AIRBORNE FORCES & THE PEGASUS SYMBOL – 19 January 2000
Dr Julian Lewis: I am delighted to have secured the opportunity to raise the issue of the Pegasus symbol and airborne forces in this short debate. I am particularly grateful for the presence of the entire Conservative Front-Bench shadow defence team. Another Conservative Member who would very much have liked to be here is my hon. Friend the Member for Aldershot (Mr Howarth), who has taken a close interest in this matter, but who is unavoidably on a Select Committee visit to the Netherlands. My hon. Friend has, however, left me a copy of a publication which is one of his prized possessions. It is a venerable, official history of British airborne divisions, entitled "By Air to Battle". Typically, because the Pegasus symbol is directly identified with anything to do with the airborne forces, that symbol adorns the front cover of the publication.
My hon. Friend particularly drew my attention to the part of the publication that refers to members of the airborne forces being honoured in December 1944 at a special investiture held in Buckingham palace. It says:
"Each officer and man of these ... divisions wears upon his shoulder the badge of Pegasus, the winged horse and its rider, brandishing a lance. As an emblem it is singularly appropriate, and whenever the citizens of Britain catch sight of it, they may perhaps call to mind that other horse which, long ago, it is said, brought armed men into the city of Troy –the vanguard of a victorious army."
To have an entire debate about insignia might seem to exaggerate the importance of such symbolism but, when we consider it in contexts other than the military, we know that that is not the case. Only today, the papers are full of the argument about the future of the Royal Ulster Constabulary, and no doubt part of that will be the question of what signs, badges and insignia will in future represent that police force.
When one looks at any publication dealing with events in the history of the airborne forces, such as the account of the battle of Arnhem in Martin Middlebrook's definitive version that I have here, it is always Pegasus that illustrates its cover because Pegasus is the brand name that is inextricably bound up in the public mind with the image, the record and the heroism of the airborne forces. It is astonishing that the symbol should have been scrapped when it is so well known.
I am concerned about that matter because I view it not in isolation, but as part of a continuum. I have been noting with dismay a succession of events that have been chipping away at service morale and the military ethos. As I customarily do in these debates, I have taken the trouble to tell the Minister in advance nearly all the points that I intend to make today.
The Minister knows of my concern that, all too often, senior serving military personnel are being pushed forward by politicians into debates, to take the flak and to justify and try to excuse controversial decisions made by politicians. That is not good for the forces; it is not good for the impartiality of serving personnel, and it is imposing too much on military chiefs who have to put on a brave face when confronted by unpalatable decisions.
Politicians have a habit of showing spite to those who embarrass them. That is as true of the military field as it is anywhere else. I am old enough to remember the case of Colonel Colin Mitchell of the Argyll and Sutherland Highlanders, who was deployed in Aden in the 1960s, when Harold Wilson had announced that it was not possible or viable to continue to maintain British control there.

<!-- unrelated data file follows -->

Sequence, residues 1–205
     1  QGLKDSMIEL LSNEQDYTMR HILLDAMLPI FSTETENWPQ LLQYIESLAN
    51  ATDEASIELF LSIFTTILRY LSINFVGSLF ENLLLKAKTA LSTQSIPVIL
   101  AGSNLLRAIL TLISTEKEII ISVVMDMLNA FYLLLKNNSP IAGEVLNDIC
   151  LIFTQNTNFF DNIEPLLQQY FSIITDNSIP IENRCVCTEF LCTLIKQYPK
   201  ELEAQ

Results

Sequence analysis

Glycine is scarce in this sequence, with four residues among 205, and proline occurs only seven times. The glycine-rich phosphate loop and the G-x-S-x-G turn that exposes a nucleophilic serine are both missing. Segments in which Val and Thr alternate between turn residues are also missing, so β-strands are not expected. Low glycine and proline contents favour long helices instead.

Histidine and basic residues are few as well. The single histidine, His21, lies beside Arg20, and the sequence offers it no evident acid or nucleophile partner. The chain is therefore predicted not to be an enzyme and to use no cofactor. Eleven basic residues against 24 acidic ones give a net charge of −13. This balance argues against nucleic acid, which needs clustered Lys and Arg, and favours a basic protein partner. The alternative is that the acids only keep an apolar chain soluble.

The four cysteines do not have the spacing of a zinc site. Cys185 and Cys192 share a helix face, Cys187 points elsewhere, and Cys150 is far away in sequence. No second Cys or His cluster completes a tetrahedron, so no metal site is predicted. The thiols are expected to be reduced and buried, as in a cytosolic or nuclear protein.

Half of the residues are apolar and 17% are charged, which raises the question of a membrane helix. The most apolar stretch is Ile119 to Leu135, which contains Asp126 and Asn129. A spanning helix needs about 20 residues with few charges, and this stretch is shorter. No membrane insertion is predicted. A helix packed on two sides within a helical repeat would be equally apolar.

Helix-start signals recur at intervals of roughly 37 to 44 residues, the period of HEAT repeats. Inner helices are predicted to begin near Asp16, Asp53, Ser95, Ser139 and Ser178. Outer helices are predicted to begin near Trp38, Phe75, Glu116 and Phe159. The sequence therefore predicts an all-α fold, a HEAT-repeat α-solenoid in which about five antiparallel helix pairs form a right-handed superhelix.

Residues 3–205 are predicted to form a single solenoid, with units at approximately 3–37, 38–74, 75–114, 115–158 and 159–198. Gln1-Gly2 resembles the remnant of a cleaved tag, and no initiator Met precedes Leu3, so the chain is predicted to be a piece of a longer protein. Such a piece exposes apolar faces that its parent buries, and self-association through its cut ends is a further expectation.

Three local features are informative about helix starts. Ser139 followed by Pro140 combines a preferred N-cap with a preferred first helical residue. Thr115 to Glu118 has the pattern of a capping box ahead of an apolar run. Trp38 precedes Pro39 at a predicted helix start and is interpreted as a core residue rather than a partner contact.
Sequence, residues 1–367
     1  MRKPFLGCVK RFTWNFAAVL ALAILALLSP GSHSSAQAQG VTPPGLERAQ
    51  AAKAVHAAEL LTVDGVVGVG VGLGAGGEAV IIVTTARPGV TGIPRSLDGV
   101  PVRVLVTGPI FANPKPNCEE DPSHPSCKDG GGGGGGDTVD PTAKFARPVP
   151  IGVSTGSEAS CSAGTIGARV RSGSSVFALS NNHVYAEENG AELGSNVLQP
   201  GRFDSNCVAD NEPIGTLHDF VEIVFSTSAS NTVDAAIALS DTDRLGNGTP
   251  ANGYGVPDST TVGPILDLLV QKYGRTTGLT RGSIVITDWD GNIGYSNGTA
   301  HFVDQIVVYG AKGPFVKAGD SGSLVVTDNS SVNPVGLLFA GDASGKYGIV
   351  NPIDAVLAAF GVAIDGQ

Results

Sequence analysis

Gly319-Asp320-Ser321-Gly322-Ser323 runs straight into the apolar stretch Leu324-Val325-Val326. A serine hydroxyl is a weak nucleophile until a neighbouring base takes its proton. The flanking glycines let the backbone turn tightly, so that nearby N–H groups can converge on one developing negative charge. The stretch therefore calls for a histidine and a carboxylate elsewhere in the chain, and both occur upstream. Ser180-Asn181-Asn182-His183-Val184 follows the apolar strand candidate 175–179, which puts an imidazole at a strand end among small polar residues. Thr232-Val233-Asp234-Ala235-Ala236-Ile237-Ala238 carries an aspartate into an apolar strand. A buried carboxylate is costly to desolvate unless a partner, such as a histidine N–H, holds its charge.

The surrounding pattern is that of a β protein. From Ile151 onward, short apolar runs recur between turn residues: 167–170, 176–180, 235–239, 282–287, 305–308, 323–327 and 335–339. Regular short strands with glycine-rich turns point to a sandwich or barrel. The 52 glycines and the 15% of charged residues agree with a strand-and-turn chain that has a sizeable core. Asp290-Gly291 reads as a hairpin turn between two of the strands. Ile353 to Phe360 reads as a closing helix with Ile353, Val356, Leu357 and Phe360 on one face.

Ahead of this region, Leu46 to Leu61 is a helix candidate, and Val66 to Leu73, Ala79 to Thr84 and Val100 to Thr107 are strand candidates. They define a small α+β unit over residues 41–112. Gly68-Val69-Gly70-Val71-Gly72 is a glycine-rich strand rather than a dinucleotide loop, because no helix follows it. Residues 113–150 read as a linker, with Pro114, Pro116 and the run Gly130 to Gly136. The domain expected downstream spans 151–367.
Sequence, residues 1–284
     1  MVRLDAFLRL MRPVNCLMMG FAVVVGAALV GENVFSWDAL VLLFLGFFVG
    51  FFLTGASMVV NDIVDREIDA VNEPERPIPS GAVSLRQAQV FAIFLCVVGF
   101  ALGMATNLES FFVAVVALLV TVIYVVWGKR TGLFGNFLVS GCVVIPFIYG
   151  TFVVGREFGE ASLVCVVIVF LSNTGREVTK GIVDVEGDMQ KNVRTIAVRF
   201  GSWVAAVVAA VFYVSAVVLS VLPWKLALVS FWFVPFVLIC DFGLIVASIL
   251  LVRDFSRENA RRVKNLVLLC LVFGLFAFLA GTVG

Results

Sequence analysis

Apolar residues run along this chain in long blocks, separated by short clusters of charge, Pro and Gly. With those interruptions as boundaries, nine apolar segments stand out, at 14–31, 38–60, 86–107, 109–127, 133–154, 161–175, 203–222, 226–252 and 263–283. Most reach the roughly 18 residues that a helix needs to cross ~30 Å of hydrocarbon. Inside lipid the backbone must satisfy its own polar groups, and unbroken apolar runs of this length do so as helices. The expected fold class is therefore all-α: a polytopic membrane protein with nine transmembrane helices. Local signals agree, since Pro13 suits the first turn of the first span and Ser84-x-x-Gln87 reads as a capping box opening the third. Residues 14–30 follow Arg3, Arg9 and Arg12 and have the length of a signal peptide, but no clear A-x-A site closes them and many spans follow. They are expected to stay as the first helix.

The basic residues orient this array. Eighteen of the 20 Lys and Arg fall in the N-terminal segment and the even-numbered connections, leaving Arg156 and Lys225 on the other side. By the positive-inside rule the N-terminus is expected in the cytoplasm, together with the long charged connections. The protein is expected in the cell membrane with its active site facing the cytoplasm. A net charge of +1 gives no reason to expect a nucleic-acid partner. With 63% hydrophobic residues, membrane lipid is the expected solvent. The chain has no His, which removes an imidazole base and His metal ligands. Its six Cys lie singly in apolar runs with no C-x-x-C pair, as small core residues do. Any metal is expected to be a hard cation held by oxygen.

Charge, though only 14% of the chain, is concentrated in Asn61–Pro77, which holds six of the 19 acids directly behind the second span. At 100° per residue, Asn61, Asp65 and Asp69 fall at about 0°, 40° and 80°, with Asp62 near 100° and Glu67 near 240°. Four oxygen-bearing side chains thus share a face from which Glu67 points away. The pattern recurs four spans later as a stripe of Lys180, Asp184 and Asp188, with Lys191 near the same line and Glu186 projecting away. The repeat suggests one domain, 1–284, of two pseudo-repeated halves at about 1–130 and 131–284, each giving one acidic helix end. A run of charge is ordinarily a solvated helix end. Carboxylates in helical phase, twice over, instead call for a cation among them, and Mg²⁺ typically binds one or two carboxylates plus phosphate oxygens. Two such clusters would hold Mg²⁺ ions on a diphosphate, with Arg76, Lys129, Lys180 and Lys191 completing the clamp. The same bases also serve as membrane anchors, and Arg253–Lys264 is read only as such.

Colonel Mitchell, on his own initiative, showed by his successful activities in Crater and the Radfan mountains that it was entirely practicable to do so. I believed then, as I do now, that it was no coincidence that, within a very few years, a Labour Government were hell-bent on destroying his regiment, the Argyll and Sutherland Highlanders.
I shall touch briefly on other examples before I return to Pegasus itself. The first is the Berlin airlift, which was commemorated in a number of ways in this country. However, unlike in other countries, no commemorative stamps were issued here last year to mark the 50th anniversary of that successful key moment in the cold war. I have a particular interest because my constituent, Mrs. Jessamy Waite, is the widow of Air Commodore Rex Waite, the RAF officer who conceived the practicability of the Berlin airlift.
On 6 April 1998, in a parliamentary question, I asked:
"Will the Minister consider the representations of the British Berlin Airlift Association, which wants the Royal Mail to issue a commemorative stamp to mark that crucial turning point in the war? That suggestion has so far been given a idle brush-off."
The Minister for the Armed Forces was then merely the Under-Secretary. He replied with his usual insouciance:
"I cannot accept that. I have had discussions with the Department of Trade and Industry, which as the sponsoring Department, is discussing this matter with the Post Office." – [Official Report, 6 April 1998; Vol. 310, c. 13-14.]
Sadly, those discussions were unavailing and no stamp appeared.
Subsequently, when I was in Germany, I saw the German postal 50-year anniversary cover of what they call the Luftbrücke, the aerial bridge. That followed the stamp that Germany had issued for the 40th anniversary, which followed a stamp to commemorate the 25th anniversary. It is sad that the Germans have a better appreciation of what the RAF did than do the British Post Office, whatever representations the Ministry of Defence managed to make to it.
The second example is the changing-over of the long-term volunteer reserve decorations, known as the RD and the TD. In March 1999, those gave way to a combined long service decoration for reserve forces, which is applicable to all ranks. As someone who never got above the lower deck in the Royal Naval Reserve, I welcome that change.
I do not, however, welcome the fact that, whereas previously officers had the incentive to stay on and work hard for 10 years to put the letters RD and TD after their name, that incentive has now disappeared. Instead of entitling officers and other ranks to have those letters after their name, the change ensures that nobody now has those letters after their name, except those who were awarded the decoration before the end of March 1999.